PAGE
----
Crew Dragon in-flight abort
The Crew Dragon will separate from its Falcon 9 rocket 84 seconds after liftoff, using its SuperDraco thrusters to get away from the rocket to test its ability to escape a malfunctioning booster. Credit: SpaceX

Updated 7:30 a.m. Eastern Jan. 18 with new date for the test.

WASHINGTON — NASA and SpaceX are ready to perform a test of the launch abort system of the company’s Crew Dragon spacecraft Jan. 19 that will also serve as a dress rehearsal of sorts for upcoming crewed flights of the vehicle.

At a Jan. 17 briefing at NASA’s Kennedy Space Center, officials with NASA and SpaceX said everything was ready from a technical standpoint for the in-flight abort test of the spacecraft. That test was scheduled for a four-hour window that opened at 8 a.m. Eastern Jan. 18, but SpaceX announced early Jan. 18 that poor conditions in the ocean, where the capsule would be recovered, led them to postpone the test by one day. A six-hour window will open at 8 a.m. Eastern Jan. 19.

In the test, a Falcon 9 carrying a Crew Dragon spacecraft will lift off from Launch Complex 39A at KSC. Eighty-four seconds after liftoff, the Dragon will fire its SuperDraco thrusters to pull the spacecraft away from the rocket, simulating the ability to escape a malfunctioning booster.

That abort will take place just after “max Q,” or maximum dynamic pressure on the spacecraft during ascent, said Benji Reed, director of crew mission management at SpaceX. The spacecraft will be traveling a little faster than Mach 1.8 at that point at an altitude of 19 kilometers. It will reach an apogee of about 40 kilometers before splashing down in the Atlantic, 30 to 35 kilometers offshore, 10 minutes after liftoff.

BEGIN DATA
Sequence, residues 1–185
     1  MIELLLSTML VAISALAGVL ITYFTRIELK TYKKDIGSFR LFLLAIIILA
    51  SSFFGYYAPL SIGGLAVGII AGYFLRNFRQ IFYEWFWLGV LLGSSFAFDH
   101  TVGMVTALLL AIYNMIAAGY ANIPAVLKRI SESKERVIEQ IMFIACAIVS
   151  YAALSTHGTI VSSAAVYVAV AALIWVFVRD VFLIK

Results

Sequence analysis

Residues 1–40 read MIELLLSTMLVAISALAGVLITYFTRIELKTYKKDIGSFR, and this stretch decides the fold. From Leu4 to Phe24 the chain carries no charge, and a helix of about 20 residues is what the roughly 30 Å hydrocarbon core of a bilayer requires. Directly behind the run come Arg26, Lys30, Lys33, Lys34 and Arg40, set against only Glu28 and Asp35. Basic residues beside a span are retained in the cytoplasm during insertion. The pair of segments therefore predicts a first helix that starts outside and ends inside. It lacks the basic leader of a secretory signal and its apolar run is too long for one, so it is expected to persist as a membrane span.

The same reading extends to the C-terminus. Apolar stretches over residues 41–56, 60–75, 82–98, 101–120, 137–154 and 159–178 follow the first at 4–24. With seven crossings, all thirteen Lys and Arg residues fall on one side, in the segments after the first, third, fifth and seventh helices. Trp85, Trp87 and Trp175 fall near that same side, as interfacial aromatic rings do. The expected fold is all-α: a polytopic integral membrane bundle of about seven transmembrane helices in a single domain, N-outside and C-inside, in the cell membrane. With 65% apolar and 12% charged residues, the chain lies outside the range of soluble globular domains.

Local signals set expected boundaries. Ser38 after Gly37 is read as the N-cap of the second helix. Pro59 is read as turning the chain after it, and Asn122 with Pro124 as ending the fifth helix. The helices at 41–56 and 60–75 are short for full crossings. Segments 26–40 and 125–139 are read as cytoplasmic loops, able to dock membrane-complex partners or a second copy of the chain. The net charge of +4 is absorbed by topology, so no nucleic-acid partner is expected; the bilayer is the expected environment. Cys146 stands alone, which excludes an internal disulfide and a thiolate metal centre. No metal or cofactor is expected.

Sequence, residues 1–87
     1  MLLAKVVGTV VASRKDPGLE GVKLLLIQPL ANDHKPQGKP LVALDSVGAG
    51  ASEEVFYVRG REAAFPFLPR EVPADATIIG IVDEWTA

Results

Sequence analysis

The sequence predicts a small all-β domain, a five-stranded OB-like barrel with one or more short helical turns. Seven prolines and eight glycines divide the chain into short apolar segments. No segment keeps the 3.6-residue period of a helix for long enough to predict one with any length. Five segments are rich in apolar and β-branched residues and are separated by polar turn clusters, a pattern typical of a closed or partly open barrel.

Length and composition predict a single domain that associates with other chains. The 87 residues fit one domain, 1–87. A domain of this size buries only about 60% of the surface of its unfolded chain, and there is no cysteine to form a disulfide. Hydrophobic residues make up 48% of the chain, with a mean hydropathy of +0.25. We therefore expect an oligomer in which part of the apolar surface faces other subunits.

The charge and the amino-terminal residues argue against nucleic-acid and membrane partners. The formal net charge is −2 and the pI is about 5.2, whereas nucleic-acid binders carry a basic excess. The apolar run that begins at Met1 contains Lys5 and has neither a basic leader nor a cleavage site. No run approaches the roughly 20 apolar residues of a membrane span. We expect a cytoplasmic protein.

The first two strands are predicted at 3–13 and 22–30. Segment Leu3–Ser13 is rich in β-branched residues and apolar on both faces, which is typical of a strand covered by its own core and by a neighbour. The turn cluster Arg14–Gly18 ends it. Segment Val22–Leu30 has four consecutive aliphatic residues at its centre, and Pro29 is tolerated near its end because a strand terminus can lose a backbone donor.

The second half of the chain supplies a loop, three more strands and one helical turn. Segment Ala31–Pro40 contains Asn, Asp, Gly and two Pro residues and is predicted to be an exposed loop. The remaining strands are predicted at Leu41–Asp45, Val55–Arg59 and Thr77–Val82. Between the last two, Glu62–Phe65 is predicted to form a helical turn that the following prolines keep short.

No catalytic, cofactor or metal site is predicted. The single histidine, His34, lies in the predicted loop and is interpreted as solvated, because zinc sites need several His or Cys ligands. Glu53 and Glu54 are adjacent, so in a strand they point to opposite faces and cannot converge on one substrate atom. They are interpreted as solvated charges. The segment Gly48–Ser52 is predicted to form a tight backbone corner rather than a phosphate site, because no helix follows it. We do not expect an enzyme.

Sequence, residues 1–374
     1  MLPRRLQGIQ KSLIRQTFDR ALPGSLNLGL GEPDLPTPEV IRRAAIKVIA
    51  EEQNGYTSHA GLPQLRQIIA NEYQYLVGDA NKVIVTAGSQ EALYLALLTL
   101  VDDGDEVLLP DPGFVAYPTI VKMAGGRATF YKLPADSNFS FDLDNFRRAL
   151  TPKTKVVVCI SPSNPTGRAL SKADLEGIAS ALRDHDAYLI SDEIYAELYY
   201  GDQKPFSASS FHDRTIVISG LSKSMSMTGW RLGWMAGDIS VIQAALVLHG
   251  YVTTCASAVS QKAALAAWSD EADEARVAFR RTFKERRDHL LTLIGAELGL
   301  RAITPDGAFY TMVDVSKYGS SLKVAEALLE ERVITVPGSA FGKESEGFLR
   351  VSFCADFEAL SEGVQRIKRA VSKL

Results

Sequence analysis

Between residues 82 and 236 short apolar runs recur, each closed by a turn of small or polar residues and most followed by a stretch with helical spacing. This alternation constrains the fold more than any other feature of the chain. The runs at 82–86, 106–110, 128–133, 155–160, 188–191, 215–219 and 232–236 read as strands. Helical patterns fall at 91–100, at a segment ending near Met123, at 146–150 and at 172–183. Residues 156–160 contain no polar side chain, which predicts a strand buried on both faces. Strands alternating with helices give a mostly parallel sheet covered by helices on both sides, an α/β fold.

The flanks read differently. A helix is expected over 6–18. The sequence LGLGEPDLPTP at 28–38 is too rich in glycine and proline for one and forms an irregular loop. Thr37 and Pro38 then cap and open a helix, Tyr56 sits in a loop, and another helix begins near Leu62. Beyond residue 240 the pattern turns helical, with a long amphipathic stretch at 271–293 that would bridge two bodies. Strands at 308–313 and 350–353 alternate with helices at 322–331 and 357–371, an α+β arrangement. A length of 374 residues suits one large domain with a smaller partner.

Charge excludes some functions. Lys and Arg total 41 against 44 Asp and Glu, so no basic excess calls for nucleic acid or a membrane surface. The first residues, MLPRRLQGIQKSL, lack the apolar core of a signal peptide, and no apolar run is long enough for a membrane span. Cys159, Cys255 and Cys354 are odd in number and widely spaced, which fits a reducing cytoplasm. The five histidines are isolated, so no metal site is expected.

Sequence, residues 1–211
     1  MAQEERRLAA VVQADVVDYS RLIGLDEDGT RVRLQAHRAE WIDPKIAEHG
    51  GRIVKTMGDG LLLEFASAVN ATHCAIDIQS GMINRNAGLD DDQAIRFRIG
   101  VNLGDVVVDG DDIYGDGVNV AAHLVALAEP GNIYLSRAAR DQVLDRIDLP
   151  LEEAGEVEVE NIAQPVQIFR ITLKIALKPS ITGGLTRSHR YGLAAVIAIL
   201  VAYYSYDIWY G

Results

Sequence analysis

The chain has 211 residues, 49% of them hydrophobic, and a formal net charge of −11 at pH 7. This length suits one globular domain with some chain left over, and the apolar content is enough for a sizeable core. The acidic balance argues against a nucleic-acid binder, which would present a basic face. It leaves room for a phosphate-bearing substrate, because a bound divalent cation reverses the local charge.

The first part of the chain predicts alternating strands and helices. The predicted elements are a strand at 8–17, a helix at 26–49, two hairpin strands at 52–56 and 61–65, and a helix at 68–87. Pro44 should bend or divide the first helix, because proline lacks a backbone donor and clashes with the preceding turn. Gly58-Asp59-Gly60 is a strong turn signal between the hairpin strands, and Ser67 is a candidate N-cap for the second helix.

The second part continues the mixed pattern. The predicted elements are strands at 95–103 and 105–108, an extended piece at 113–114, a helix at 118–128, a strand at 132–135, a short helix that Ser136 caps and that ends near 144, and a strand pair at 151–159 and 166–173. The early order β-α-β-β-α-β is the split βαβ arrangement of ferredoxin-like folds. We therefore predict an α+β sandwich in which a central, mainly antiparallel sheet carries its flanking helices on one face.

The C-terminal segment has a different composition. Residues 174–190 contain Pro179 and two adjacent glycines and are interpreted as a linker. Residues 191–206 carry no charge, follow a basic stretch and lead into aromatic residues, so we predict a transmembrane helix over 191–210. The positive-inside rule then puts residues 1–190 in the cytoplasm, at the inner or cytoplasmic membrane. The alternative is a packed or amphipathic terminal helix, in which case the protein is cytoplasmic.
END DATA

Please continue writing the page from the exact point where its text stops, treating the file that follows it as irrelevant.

SpaceX has performed extensive testing of the SuperDraco thrusters, including a static-fire test in November that verified changes to the thrusters after an incident in an April test that destroyed another Crew Dragon spacecraft. The company also performed a pad abort test of the system in 2015. The in-flight abort test, though, will allow for a complete, integrated test of the entire system.

“Tomorrow’s test is one of those things that is actually going to let us test that whole system, end to end,” Reed said. “This is the culmination of a lot of work and a lot of tests that brought us to today.”

While launch weather forecasts are favorable, with a 90 percent chance of acceptable weather, NASA and SpaceX said they also have to keep an eye on cloud cover, in order to maintain visibility of the vehicle during the test, as well as winds and ocean conditions for the recovery of the capsule. “It’s not an instantaneous launch window,” said Kathy Lueders, manager of NASA’s commercial crew program. “You all may be waiting for a while while we’re trying to find the perfect time to conduct this test.” Reed said later that they could extend the four-hour window for the test.